For the average Venezuelan, when he hears of the New York Stock Exchange, he thinks about the prices of a barrel of oil and vice versa. That is logical, in a country that obtains about 96% of its foreign exchange from oil.
The Venezuelan is a kind of rafter, who survives in the tumultuous sea of the economy, clutching a barrel of oil that is always half sunken as if it were a lifesaver.
Sometimes that barrel is more sunken than at other times but never ends to sink and much less to leave fully afloat.
Oil as a business
The oil business is very particular. Although sales can be arranged in producing countries, the referential sales price comes from stock exchanges. That is where prices are set daily, minute by minute.
At any hour of the day or night, on some stock exchanges on the five continents, oil barrels are being negotiated. That makes prices fluctuate.
Prices that will depend on the quantities traded, history of past costs of recent operations and future prospects.
As with any other product, oil is a scarce commodity. Which implies that there are many buyers, but a few sellers. What makes it a market where sellers set more conditions for negotiations than what buyers may demand.
In the stock exchanges, it commands the law of supply and demand. That is, it is the place where buyers, who demand oil, and sellers who offer it, meet. Establishing a balance that determines the quantities that are traded, at a given price.
As the price of oil is determined by its quality, all crude grades are mathematically related to the prices of two markers, which are the world reference.
In the United States, that marker is the West Texas Intermediate, in Europe it is the Brent of the North Sea . They are so-called light crude for its high quality, which implies a greater purity.
Another benchmark indicator is the OPEC Referential Basket, which averages the value of crude oil from cartel member countries.
In any case, out of every three oil buying and selling businesses, in two the WTI is the marker used to set the price of the operation per barrel.
Usually, being of superior quality the WTI has a higher price than Brent. However, due to conditions in the European market and transport distance between production sites in the North Sea and competition with Arab and Russian oil, this price is sometimes higher or lower.
Apart from buying / selling stocks and bonds on the stock exchanges, so-called commodities are traded, which are not other things than raw materials.
The bet of the investors
For investors, there are two types of raw materials: the hard and the soft. The first are usually minerals, such as oil, gold, iron, among others, and soft ones that are perishable agricultural products, such as sugar, flour, to name a few.
When commodities are traded, they are bought in one currency and can be valued at the exchange of the day of purchase in another currency. This in order to take advantage of the revaluation trend of a metal which is going to renegotiate that raw material in the future.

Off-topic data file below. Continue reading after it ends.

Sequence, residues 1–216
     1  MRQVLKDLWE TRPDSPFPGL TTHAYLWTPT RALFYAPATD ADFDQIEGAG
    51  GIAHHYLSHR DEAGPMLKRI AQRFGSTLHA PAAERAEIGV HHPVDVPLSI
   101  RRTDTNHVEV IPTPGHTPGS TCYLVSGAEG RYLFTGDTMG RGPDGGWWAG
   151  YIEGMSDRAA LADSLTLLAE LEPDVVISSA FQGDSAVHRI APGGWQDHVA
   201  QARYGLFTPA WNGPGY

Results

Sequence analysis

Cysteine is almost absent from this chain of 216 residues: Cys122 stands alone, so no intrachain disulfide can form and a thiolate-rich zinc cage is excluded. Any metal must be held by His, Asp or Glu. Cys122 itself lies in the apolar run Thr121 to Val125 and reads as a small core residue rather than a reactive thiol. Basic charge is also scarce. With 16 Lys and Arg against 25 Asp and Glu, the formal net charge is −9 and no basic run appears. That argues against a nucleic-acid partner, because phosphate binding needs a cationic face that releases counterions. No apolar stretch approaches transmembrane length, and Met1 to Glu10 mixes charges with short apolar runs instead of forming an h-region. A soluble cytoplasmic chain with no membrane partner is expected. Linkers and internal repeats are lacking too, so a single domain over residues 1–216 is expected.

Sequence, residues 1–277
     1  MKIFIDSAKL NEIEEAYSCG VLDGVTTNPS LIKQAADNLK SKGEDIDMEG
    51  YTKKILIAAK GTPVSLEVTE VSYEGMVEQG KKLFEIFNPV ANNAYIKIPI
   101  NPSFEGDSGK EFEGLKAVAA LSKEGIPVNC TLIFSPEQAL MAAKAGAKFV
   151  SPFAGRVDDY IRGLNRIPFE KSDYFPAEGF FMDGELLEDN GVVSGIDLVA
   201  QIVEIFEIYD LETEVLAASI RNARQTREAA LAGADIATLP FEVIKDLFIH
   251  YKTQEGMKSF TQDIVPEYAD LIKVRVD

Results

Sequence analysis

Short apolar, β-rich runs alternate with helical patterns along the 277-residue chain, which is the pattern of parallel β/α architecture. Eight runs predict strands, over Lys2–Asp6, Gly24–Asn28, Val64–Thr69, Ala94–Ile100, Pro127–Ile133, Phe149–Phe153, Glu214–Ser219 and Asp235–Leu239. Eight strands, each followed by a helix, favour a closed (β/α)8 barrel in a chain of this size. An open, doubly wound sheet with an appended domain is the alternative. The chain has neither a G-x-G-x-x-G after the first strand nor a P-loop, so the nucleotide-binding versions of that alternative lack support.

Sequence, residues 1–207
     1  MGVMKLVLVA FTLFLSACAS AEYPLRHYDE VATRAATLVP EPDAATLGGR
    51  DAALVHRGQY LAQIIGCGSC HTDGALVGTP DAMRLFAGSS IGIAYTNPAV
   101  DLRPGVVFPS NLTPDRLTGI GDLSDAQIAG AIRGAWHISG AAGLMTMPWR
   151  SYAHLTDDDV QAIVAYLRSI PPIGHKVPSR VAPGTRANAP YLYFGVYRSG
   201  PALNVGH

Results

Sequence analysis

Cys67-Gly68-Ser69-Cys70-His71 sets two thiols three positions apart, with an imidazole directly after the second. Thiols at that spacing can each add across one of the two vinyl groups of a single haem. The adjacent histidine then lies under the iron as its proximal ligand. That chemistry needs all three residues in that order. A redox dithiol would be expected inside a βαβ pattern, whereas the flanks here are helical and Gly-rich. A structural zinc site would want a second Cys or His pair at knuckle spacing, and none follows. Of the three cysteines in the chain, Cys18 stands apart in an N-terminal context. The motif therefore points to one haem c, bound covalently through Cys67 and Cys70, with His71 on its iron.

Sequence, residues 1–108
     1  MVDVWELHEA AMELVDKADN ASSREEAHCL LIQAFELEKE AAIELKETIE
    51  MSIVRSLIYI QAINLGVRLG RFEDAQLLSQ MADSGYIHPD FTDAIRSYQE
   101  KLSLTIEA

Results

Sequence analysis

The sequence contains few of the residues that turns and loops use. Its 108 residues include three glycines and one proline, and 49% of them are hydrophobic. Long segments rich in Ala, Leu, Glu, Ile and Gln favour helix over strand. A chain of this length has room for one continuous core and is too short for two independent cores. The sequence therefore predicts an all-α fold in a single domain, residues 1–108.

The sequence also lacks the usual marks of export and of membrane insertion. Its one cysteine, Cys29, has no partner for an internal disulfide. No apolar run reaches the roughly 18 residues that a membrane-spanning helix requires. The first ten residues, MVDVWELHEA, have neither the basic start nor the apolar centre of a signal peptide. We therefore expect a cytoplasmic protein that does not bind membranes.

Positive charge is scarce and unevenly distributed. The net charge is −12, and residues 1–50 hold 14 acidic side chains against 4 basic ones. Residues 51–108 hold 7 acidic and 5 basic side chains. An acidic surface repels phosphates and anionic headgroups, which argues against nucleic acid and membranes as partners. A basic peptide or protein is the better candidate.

So you can buy oil in dollars, then resell it in pounds sterling or euros, depending on the price expectations and the risk that the investor wants to run.
In this way, the evaluation of a good is combined with that of a particular currency. It is a bet that investors make today, that they invest in a future in a raw material and in a currency, at the same time.
Just as investment houses are dedicated to the stock market, bonds and mutual funds, there are other companies that specialize in commodity marketing.
The investor buys quantities of oil, gold, among others, and the investment house keeps that purchase in their deposits, until that customer wants to sell it.
In the case of oil, these inventories are held in deposits on the mainland, or on ships moored in international waters, pending better prices.
If the average Venezuelan lives in a country where the oil industry is not state owned and is not a monopoly, it would be aware of oil prices on the stock exchanges. He would know that if he wanted to participate in the business, he should buy shares on the downside, and sell them on the upside. That way I would make money.
Also, that Venezuelan could buy the bonds issued by the oil companies to finance their projects.
However, the link that Venezuelans have with the oil industry is very particular.
Conceptually, it is for all Venezuelans. Operationally, it is the government that manages and makes decisions without consulting theorist shareholders, who are citizens.
If oil rises, the Venezuelans’ mind aspires and expects the government to share the benefits. If oil falls, Venezuelans can not say that we will invest in a different business.
When the time comes for lean cows, the Venezuelan sees the bones. When the time comes for fat cows, you should settle for the hides. While the lomito is lost in projects that probably do not interest and do not report any benefit.